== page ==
Folk instruments and their frequencies

Hello everyone!

As I teach Audacity classes at the Conservatory in my city, students always ask me about the frequencies of the most popular instruments such as keyboard, guitar, vocals, electric bass.
Can you let me know if there is a table or some teaching material that I can take advantage of and pass on to my students?
I understand that I will have the reference by the graphic equalizer.
For example: the electric bass is between the frequencies … and … The female vocal is between the frequencies … and…
This would be of great value when we want to attenuate the frequency of some instrument or voice.

Desje in advance thanks.

Big hug to everyone!

There’s many “Instrument frequencies” cheat sheets available via Google search:

students always ask me about the frequencies of the most popular instruments such as keyboard, guitar, vocals, electric bass.

It shouldn’t be too hard to find the musical_-note_ range of various instruments and I’ve seen charts with multiple instruments. Then you can find a
[u]chart showing the frequencies for all of the notes[/u].

You can also find note-charts for the various vocal ranges, and you can look-up the associated frequencies.

But… All instruments have harmonics & overtones (that’s why a piano sounds different from a trumpet playing the same note). And when you consider the harmonics most instruments (and voices) cover most of the audio range so there is a lot of overlap.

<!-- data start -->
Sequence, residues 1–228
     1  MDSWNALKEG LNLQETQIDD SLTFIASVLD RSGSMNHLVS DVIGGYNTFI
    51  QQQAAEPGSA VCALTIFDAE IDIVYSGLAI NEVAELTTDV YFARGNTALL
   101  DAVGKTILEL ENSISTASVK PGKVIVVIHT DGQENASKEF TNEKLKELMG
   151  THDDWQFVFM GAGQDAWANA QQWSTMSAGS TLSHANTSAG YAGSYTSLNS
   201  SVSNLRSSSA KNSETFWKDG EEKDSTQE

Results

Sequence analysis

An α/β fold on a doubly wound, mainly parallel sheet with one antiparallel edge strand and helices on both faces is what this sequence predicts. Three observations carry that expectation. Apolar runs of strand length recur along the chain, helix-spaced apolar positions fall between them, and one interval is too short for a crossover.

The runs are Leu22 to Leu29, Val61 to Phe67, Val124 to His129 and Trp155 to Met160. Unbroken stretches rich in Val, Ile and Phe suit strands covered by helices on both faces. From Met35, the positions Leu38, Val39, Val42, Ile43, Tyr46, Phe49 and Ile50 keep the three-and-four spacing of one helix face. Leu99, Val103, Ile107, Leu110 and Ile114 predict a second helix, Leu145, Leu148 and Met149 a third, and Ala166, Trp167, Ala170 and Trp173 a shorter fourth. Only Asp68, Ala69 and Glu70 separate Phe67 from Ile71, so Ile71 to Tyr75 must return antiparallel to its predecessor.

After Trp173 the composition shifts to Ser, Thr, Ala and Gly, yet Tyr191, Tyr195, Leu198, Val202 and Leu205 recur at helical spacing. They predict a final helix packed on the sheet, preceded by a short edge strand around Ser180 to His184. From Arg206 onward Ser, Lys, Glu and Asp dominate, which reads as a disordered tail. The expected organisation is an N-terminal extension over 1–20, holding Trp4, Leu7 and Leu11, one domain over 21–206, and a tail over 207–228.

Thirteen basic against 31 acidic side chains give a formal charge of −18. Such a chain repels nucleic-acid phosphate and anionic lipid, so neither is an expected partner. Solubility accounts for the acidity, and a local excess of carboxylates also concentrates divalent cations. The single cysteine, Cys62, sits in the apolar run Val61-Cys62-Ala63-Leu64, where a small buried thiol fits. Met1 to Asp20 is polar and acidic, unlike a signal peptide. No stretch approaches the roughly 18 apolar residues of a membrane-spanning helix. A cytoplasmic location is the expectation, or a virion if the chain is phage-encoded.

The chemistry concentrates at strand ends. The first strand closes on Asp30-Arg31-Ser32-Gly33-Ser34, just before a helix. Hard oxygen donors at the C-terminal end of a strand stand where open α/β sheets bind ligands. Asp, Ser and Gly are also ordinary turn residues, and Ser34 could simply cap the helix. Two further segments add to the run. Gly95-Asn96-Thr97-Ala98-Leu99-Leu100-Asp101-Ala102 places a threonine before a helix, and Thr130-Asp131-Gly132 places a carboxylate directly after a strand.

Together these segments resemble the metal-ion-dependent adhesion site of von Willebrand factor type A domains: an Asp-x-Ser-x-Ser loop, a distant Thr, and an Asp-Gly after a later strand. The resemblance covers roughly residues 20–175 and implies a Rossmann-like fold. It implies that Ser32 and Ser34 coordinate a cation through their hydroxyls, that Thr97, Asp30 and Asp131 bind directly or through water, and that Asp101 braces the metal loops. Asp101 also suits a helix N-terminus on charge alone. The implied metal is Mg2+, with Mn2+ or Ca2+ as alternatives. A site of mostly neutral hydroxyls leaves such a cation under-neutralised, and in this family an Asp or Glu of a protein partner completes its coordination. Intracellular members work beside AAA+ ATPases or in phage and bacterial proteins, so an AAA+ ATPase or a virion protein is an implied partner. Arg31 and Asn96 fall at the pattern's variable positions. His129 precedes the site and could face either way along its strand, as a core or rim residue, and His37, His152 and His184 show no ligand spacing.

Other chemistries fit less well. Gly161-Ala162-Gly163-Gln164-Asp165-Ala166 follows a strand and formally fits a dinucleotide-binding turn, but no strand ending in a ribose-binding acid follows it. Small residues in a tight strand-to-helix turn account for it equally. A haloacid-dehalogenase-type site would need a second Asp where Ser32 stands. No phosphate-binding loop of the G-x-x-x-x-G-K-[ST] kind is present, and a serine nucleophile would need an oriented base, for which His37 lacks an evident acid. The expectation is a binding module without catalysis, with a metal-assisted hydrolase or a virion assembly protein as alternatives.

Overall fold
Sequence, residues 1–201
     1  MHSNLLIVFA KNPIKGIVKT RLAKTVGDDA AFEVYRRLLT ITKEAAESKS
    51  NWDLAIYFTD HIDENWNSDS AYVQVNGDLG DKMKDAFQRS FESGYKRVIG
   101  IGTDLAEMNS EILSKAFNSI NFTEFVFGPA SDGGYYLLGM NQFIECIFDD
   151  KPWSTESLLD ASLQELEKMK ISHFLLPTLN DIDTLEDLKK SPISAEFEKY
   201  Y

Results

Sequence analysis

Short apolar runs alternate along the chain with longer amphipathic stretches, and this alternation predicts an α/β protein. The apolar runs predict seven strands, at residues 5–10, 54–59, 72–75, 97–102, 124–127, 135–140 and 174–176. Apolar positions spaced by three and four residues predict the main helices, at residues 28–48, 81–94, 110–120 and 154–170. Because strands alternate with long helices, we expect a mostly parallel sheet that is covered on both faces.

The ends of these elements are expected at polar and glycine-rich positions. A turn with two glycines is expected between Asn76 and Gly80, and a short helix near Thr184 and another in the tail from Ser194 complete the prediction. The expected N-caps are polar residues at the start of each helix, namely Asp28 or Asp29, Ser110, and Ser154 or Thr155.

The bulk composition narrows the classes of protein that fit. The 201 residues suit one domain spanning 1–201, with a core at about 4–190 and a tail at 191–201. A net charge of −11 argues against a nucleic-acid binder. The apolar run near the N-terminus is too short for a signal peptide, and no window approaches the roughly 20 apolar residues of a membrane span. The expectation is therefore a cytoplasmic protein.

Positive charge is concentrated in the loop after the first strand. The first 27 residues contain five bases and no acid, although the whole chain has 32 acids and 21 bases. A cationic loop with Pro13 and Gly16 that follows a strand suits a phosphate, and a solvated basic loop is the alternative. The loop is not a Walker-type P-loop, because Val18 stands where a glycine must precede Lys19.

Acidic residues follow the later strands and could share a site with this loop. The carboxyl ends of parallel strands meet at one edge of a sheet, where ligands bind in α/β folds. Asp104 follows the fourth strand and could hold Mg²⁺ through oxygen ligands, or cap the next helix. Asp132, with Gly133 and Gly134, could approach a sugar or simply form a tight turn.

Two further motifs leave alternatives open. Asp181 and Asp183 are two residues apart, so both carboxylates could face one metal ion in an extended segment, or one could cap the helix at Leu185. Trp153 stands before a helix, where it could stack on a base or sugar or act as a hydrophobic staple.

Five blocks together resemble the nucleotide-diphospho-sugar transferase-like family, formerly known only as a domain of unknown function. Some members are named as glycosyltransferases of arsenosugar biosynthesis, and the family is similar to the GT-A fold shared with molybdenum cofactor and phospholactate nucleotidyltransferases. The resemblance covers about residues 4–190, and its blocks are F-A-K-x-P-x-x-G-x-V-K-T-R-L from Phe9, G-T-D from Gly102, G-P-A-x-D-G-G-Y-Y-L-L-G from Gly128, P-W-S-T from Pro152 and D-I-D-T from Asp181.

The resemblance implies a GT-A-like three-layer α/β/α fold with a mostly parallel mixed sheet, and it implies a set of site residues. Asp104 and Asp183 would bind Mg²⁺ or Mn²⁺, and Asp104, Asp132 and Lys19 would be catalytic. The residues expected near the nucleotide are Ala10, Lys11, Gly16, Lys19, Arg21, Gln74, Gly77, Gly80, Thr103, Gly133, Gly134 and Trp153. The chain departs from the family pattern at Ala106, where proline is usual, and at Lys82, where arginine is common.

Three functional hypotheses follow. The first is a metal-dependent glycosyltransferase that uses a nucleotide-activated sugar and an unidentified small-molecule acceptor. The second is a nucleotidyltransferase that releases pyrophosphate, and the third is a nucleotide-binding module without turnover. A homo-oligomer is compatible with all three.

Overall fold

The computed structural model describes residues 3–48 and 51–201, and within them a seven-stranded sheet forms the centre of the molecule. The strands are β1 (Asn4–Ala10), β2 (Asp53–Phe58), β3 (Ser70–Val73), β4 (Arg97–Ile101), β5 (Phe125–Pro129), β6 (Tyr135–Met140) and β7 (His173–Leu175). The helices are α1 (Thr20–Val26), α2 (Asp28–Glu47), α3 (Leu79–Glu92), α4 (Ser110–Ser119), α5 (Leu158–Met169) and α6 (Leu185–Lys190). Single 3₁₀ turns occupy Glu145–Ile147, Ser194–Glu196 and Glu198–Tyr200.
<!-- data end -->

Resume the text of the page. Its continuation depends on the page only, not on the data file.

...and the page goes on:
…If you have a male & female singing a duet you can’t filter-out the male or female voice but you might be able to enhance or diminish one or the other to some extent.

This is a common misconception. Even though you’re singing one note, your voice is producing a ton of other tones at the same time. It’s those other tones that make people pay to hear you, or tell you to shut up so you don’t scare the horses.

This is one piano note. G1 which is G way over on the left. The note I’m playing is that one tall spike. Doubling the frequency (along the bottom) is where the octaves live.

The rest of those spikes are the overtones and harmonics (from Steve above). Those are what let you hear who made the piano. Real pianos have three strings per note for most of the range and you have to tune (stretch or relax) each and every one so they match for good musical performance. I still have my tuning hammer and other tools in a box in the garage.

This is the display for G1 and G2 an octave higher played at the same time.

So now we got two tall spikes near the middle and two collections of overtones and harmonics.

This is a male announcing voice submitted a while ago.

Screen Shot 2022-03-04 at 18.58.34.png
If you also analyze someone else speaking the same words, you will get a similar purple collection. Human hearing in general goes from 20Hz on the left (thunder, earthquakes) to 20000Hz (sizzling sounds only the dog can hear) on the right. Most voices contain a lot of the same tones in different proportions.

Your head and ears can tell what’s going on, but trying to get a computer to deal with that is just now becoming available through artificial intelligence.